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Prepulse inhibition (PPI) of startle response is a measure of sensorimotor gating that is impaired in schizophrenia and in many other clinical conditions. Rat models using pharmacological or surgical strategies reveal that PPI is modulated by the cortico-striatal-pallido-thalamic (CSPT) circuit. Here, we explore whether spontaneous variation in PPI in intact inbred and outbred rats is associated with functional and structural differences in the CSPT circuit. Inbred Roman High-(RHA) and Low-avoidance (RLA) and outbred heterogeneous stock (HS) rats were assessed for PPI, brain activity, and volume. Brain activity was assessed by c-Fos expression and brain volume by magnetic resonance imaging. Relevant structures of the CSPT circuit were evaluated, such as the medial prefrontal cortex (mPFC), cingulate cortex, hippocampus (HPC), amygdala, nucleus accumbens (NAc), and dorsal striatum. RHA showed lower PPI than RLA rats, while HS rats were stratified by their PPI levels in three groups. Reduced PPI was accompanied by decreased mPFC activity in Roman and HS rats and increased NAc shell activity in HS rats. Low PPI was also associated with decreased mPFC and HPC volumes in Roman and HS rats. This study reports a consistent relationship between decreased function and volume of the mPFC and spontaneous low-PPI levels in inbred and outbred intact rats. Moreover, our findings suggest that, apart from a hypoactive and smaller mPFC, a hyperactive NAc and smaller HPC may underlie reduced PPI levels. Our results support the notion that sensorimotor gating is modulated by forebrain structures and highlight the importance of the mPFC in its regulation.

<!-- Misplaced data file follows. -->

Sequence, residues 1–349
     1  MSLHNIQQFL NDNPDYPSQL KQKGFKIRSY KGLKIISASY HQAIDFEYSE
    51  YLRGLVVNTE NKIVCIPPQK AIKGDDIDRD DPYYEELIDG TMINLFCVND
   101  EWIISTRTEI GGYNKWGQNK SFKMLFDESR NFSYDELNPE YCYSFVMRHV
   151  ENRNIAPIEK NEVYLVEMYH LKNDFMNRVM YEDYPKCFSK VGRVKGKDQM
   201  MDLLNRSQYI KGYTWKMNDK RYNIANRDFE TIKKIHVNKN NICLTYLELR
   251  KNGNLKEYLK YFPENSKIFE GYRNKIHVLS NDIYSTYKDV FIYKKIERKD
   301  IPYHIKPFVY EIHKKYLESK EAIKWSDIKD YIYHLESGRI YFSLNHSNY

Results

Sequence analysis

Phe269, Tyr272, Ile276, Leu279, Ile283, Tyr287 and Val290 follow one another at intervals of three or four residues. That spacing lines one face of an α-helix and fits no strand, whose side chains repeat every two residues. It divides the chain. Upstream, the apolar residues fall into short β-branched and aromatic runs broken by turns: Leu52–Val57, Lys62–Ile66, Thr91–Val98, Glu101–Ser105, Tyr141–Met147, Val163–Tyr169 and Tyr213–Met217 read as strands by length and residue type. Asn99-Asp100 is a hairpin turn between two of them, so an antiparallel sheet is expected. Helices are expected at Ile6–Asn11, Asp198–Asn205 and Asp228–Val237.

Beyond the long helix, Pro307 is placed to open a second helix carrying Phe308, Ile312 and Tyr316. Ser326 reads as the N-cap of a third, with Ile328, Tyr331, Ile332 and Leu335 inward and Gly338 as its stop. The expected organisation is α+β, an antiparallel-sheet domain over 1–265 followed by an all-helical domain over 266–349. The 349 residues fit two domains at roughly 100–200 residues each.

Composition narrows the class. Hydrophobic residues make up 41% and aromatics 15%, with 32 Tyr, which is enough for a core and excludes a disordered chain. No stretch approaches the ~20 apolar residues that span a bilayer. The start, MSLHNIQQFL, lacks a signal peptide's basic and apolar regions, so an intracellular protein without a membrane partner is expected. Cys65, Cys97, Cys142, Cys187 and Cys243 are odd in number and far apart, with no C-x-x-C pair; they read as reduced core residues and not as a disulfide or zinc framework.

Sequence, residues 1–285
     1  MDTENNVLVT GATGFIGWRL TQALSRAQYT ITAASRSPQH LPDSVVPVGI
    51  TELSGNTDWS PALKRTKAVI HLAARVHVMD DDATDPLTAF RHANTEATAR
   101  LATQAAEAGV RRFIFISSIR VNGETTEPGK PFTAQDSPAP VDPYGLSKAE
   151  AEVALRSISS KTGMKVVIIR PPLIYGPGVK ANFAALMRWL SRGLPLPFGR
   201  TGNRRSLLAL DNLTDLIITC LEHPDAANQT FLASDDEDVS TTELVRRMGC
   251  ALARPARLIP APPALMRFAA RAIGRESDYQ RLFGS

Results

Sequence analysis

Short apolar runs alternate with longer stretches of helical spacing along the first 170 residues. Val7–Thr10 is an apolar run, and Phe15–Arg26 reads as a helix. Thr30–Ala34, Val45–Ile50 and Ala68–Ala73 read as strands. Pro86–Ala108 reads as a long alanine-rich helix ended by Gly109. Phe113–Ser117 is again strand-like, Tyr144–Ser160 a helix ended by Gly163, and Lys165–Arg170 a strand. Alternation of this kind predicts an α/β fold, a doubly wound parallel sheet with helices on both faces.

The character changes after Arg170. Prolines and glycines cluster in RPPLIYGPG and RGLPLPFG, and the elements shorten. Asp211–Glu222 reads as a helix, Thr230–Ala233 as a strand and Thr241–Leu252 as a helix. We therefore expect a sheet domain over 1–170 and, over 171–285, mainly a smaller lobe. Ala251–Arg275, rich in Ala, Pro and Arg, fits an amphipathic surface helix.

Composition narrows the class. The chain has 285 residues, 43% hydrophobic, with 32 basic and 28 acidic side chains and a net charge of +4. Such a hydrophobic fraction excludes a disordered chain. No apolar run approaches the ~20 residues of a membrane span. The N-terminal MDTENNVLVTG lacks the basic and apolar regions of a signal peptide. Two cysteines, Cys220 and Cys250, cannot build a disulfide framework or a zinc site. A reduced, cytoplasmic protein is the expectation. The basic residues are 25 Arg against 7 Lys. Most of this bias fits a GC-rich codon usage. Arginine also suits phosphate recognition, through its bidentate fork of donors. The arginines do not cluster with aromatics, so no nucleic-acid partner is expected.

This article was published in the following journal.
Name: Neuropsychopharmacology : official publication of the American College of Neuropsychopharmacology
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An outbred strain of rats developed in 1915 by crossing several Wistar Institute white females with a wild gray male. Inbred strains have been derived from this original outbred strain, including Long-Evans cinnamon rats (RATS, INBRED LEC) and Otsuka-Long-Evans-Tokushima Fatty rats (RATS, INBRED OLETF), which are models for Wilson's disease and non-insulin dependent diabetes mellitus, respectively.
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A neurophysiological phenomenon in which the response to a startling stimulus (pulse) is decreased when a weaker prestimulus (prepulse) precedes it closely in time. It is used as an operational measure of sensorimotor gating.
The ability of the BRAIN to suppress neuronal responses to external sensory inputs, such as auditory and visual stimuli. Sensory filtering (or gating) allows humans to block out irrelevant, meaningless, or redundant stimuli.
The opening and closing of ion channels due to a stimulus. The stimulus can be a change in membrane potential (voltage-gated), drugs or chemical transmitters (ligand-gated), or a mechanical deformation. Gating is thought to involve conformational changes of the ion channel which alters selective permeability.
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